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Maimonides and the Jews of Yemen

Jan. 23 2018

Moses Maimonides’ epistle to Yemen is now considered one of his most important works, one that shows the great philosopher and jurist playing a pastoral role as he addresses the needs and fears of a community in crisis. Shortly before the time of its writing, a charismatic Muslim leader had seized Yemen from the Fatimid caliphate; upon his death, his son and successor began persecuting Yemenite Jews. Dor Saar-Man explains how these circumstances led to Maimonides’ famous letter, and its legacy:

[I]n the year of 1172, a Yemenite Jew . . . presented himself as the messiah, . . . and many Jewish communities started to believe the messiah was actually coming soon and even started to change some of their practices and prayers accordingly. . . . Rabbi Yaakov ben Nathaniel of Yemen wrote to Maimonides with fear about the hard times the community was going through and wondered whether that new person might be the true messiah. Maimonides . . . replied at length, with empathy and attention.

In his detailed response, Maimonides tried to console Rabbi Yaakov and asked him to pray diligently and to keep in mind that troubles come and go and will eventually pass. He urged him not to surrender to persecutions and forced-conversion decrees, as these had happened in the past and yet the Jews prevailed. Maimonides referred to both Islam and Christianity as false religions and urged the Yemenite Jews not to conduct calculations of the end of times. . . . As for the messianic pretender, Maimonides clearly stated that he was a false messiah, a madman not to be trusted. . . .

The messianic enthusiasm in Yemen died out a few years later. . . . Saladin occupied Yemen and founded the Ayyubid dynasty, and everything returned to normal. The Yemen epistle, however, retained its significance and influence for centuries. . . . More than any other Jewish community, the Yemenites studied Maimonides’ work and accepted his theories. In time, two sub-groups were formed among them: the Shami, who partly assimilated into the Sephardi culture and adopted the Sephardi liturgy, and the Baladi, who followed Maimonides, especially the halakhic rulings set forth in his code, the Mishneh Torah.

Read more at Beit Hatfutsot

More about: History & Ideas, Moses Maimonides, Yemen, Yemenite Jewry

How the U.S. Can Strike at Iran without Risking War

In his testimony before Congress on Tuesday, Michael Doran urged the U.S. to pursue a policy of rolling back Iranian influence in the Middle East, and explained how this can be accomplished. (Video of the testimony, along with the full text, are available at the link below.)

The United States . . . has indirect ways of striking at Iran—ways that do not risk drawing the United States into a quagmire. The easiest of these is to support allies who are already in the fight. . . . In contrast to the United States, Israel is already engaged in military operations whose stated goal is to drive Iran from Syria. We should therefore ask ourselves what actions we might take to strengthen Israel’s hand. Militarily, these might include, on the passive end of the spectrum, positioning our forces so as to deter Russian counterattacks against Israel. On the [more active] end, they might include arming and training Syrian forces to engage in operations against Iran and its proxies—much as we armed the mujahedin in Afghanistan in the 1980s.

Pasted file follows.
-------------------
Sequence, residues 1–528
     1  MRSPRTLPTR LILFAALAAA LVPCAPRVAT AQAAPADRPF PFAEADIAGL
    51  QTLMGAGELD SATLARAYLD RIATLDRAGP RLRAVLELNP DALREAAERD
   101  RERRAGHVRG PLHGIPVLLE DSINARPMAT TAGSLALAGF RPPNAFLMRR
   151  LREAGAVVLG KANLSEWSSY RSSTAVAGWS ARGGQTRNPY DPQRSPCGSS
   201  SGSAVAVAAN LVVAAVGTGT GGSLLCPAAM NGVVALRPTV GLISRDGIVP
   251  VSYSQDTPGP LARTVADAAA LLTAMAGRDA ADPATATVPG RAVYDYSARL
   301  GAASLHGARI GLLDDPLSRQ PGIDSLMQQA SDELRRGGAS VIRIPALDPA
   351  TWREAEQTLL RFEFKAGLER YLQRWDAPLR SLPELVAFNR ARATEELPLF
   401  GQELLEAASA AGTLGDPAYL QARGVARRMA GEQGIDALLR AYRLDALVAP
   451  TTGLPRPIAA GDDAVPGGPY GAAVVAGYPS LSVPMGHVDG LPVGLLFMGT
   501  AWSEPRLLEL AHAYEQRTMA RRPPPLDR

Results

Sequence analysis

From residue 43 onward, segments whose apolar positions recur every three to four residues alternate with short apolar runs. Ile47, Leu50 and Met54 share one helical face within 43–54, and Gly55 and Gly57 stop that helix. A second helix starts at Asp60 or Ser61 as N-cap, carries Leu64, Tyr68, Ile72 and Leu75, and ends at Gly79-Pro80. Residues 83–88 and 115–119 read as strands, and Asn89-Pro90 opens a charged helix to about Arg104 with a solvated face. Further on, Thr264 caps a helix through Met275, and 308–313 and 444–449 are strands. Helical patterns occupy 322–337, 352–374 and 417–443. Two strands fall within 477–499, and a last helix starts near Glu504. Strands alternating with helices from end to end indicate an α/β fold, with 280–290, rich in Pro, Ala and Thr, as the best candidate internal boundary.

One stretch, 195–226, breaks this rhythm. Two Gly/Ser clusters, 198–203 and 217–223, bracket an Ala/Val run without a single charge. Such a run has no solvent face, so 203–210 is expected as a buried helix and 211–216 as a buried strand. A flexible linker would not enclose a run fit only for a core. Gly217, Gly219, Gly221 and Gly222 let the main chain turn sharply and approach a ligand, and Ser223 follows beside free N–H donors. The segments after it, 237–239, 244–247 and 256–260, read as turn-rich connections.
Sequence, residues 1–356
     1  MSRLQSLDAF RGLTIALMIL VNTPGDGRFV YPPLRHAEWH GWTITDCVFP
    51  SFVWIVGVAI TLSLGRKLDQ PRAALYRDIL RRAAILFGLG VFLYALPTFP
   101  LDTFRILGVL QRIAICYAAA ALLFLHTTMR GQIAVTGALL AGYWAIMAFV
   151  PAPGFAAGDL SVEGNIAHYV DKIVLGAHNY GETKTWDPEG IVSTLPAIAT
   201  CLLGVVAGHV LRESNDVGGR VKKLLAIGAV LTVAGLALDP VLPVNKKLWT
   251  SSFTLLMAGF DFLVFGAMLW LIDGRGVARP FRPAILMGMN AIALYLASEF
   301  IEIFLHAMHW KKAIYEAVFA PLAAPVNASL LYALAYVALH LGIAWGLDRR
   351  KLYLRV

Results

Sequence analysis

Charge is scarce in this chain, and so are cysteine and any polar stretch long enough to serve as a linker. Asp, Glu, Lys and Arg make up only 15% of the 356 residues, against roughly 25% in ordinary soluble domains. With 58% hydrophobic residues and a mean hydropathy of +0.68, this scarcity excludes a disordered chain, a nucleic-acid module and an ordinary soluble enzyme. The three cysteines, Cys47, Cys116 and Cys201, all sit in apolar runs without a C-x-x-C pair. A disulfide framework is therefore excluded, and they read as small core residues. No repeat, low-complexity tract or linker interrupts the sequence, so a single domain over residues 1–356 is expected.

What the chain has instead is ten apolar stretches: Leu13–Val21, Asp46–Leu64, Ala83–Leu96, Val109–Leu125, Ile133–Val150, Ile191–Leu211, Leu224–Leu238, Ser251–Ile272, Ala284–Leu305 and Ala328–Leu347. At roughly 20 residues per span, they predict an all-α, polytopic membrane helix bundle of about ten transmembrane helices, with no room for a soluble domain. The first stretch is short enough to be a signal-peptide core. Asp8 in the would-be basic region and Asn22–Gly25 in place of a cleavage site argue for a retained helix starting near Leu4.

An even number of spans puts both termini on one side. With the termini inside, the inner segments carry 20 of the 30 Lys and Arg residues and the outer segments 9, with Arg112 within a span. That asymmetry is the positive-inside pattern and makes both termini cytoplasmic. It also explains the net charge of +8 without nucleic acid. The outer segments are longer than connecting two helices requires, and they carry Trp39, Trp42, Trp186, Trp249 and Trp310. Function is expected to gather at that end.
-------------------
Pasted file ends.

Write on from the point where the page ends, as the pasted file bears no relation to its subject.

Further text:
Diplomatically, the United States might associate itself much more directly with the red lines that Israel has announced regarding the Iranian presence in Syria. Israel has, for example, called for pushing Iran and its proxies away from its border on the Golan Heights. Who is prepared to say that Washington has done all in its power to demonstrate to Moscow that it fully supports this goal? In short, a policy of greater coordination with Jerusalem is both possible and desirable.

In Yemen, too, greater coordination with Saudi Arabia is worth pursuing. . . . In Lebanon and Iraq, conditions will not support a hard rollback policy. In these countries the goal should be to shift the policy away from a modus vivendi [with Iran] and in the direction of containment. In Iraq, the priority, of course, is the dismantling of the militia infrastructure that the Iranians have built. In Lebanon, [it should be] using sanctions to force the Lebanese banking sector to choose between doing business with Hizballah and Iran and doing business with the United States and its financial institutions. . . .

Iran will not take a coercive American policy sitting down. It will strike back—and it will do so cleverly. . . . It almost goes without saying that the United States should begin working with its allies now to develop contingency plans for countering the tactics [Tehran is likely to use]. I say “almost” because I know from experience in the White House that contingency planning is something we extol much more than we conduct. As obvious as these tactics [against us] are, they have often taken Western decision makers by surprise, and they have proved effective in wearing down Western resolve.

Read more at Hudson

More about: Iran, Israeli Security, Lebanon, Saudi Arabia, Syria, U.S. Foreign policy, Yemen